So What Was and Was Not a Big Deal in Eagles' Sunday Night Loss to Falcons?

So What Was and Was Not a Big Deal in Eagles' Sunday Night Loss to Falcons?

Not all losses are created equal. There are losses in which one team gets plain outplayed in practically every aspect of the game, and never really has a chance at winning. Then there are losses in which two teams match up fairly close with one another, and the final score comes down to the bounce of a ball, or a timely big play. Sunday night was the latter.

The Eagles lost. Even though they did a ton of things extremely well, they also executed poorly on enough plays that it wound up costing them the game. Their uneven performance isn't even that shocking given the sloppy outing they had a week ago, only last night, they were facing an opponent who was poised to take advantage of the many mistakes.

As is usually the case in any hard-fought battle that was given away, some of what happened on the field was a disturbing trend. Then again, some of it was a temporary lapse in concentration, or plain misfortune. After the jump, we'll explain which matters are likely to rear their ugly heads in the future, and which ones we need to forget about as quickly as possible.

Michael Vick's Concussion
On a positive note, Vick was much more efficient throwing the football on Sunday compared to a week ago. On the down side, he got injured. Who had Week 2 in the pool?

It's difficult to make the point this is not a big deal. Concussions are serious business, and there is a good chance Vick will miss a minimum of one game. At best, he's probably a coin flip for the Giants.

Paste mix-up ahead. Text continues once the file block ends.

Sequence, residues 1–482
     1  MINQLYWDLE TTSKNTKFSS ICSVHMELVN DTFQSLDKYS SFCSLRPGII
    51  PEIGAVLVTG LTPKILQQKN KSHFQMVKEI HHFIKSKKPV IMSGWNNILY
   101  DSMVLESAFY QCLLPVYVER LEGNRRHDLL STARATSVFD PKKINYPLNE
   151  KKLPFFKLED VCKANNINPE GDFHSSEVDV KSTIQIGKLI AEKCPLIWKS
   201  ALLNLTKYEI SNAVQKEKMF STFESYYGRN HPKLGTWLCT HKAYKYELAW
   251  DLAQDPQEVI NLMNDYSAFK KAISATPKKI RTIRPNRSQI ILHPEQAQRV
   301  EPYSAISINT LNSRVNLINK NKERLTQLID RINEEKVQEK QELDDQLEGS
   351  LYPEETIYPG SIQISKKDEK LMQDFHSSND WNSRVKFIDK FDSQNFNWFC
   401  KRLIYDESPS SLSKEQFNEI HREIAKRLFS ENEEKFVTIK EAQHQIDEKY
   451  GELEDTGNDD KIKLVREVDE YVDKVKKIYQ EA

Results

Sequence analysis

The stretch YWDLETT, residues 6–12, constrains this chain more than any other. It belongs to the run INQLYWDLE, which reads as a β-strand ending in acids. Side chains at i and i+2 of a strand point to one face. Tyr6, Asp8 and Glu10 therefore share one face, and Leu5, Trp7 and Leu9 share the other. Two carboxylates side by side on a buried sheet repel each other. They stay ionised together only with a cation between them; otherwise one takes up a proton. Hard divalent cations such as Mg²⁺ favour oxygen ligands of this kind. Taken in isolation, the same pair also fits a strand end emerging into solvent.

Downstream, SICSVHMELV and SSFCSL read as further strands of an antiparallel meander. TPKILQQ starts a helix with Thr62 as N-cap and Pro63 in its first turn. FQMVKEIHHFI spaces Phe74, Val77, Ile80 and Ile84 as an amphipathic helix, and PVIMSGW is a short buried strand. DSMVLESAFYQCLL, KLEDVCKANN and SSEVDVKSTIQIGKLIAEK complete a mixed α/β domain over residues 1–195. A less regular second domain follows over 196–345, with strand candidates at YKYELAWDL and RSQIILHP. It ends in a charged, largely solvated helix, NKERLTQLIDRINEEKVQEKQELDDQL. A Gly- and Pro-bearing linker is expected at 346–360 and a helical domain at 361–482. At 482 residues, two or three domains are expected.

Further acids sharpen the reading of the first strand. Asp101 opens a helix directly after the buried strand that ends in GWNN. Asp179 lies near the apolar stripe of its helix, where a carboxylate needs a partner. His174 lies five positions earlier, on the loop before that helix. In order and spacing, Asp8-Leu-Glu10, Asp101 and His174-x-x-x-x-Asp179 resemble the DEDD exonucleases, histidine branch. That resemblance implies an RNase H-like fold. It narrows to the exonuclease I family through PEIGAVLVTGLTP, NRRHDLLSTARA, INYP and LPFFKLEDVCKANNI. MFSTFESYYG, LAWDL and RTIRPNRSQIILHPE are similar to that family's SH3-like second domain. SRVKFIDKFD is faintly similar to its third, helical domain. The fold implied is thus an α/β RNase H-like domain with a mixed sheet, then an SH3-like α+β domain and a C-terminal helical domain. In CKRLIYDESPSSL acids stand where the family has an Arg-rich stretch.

Having said that, he was hurt on a freak play. Of all the hits he's taken and will take in the future, shots from his own teammates are the kind I am least worried about. The other tiny bit of good news is Mike Kafka was actually impressive, and Vince Young could be available as well. Their depth lessens the loss of a Vick in the short term.

Of course, we also have no idea as to the severity of Vick's concussion at this point. Maybe he plays Sunday, maybe he misses one game. Maybe he misses a bunch. Until we find out exactly to what extent Vick is injured, it's not wise to conclude one way or another about its gravity. INCOMPLETE DATA

Much of Vick's success last season was predicated on his going the first half of the season without committing a single turnover. Not coincidentally, when he gave it away seven times in the final six games, suddenly they were a .500 team getting bounced out of a post-season bye, needing a miracle to defeat a division rival, and ultimately seeing their season end much too early.

The issue does not look like it's going away any time soon. Vick turned it over three times, and even if you erase the first fumble which wasn't his fault, the other two were bad. The fumble while scrambling toward the end of the first half cost them an opportunity to at least attempt a reasonable field goal, maybe even sneak six, while the interception in the third quarter was simply a terrible decision, whether the defender actually picked it off or not. (More on that a little further down.)

Add in a lost fumble against the Rams last week, and the giveaways are really starting to pile up. In the NFL, you have to win the turnover battle, period. Vick needs to be better at protecting the ball, period. VERY BIG DEAL

Dropped Passes
Jeremy Maclin's drop to kill the Eagles' best shot at retaking the lead late in the fourth quarter was certainly the most memorable, but far from the only one. DeSean Jackson dropped a touchdown. Jason Avant and Brent Celek dropped first down passes. It was an epidemic on Sunday night, and almost every one of them hurt.

Jackson and Celek letting a few get away is nothing new. Maclin and Avant, on the other hand, is slightly more out of the ordinary. Even though Maclin torched the Atlanta secondary for 173 yards, when every one of the primary receivers has a key drop, it's a concern. Unfortunately, you just have to take the good with the bad to a certain extent. SORT OF A BIG DEAL

Offensive Line
I was surprised to see anybody thought they were the issue on Sunday night. Peria Jerry was allowed to walk into the backfield to force Vick's first fumble, but other than that one play, they were solid. They opened holes, and gave quarterbacks time to operate. Don't believe me? McCoy averaged 5.2 yards per carry, and the Falcons recorded zero sacks.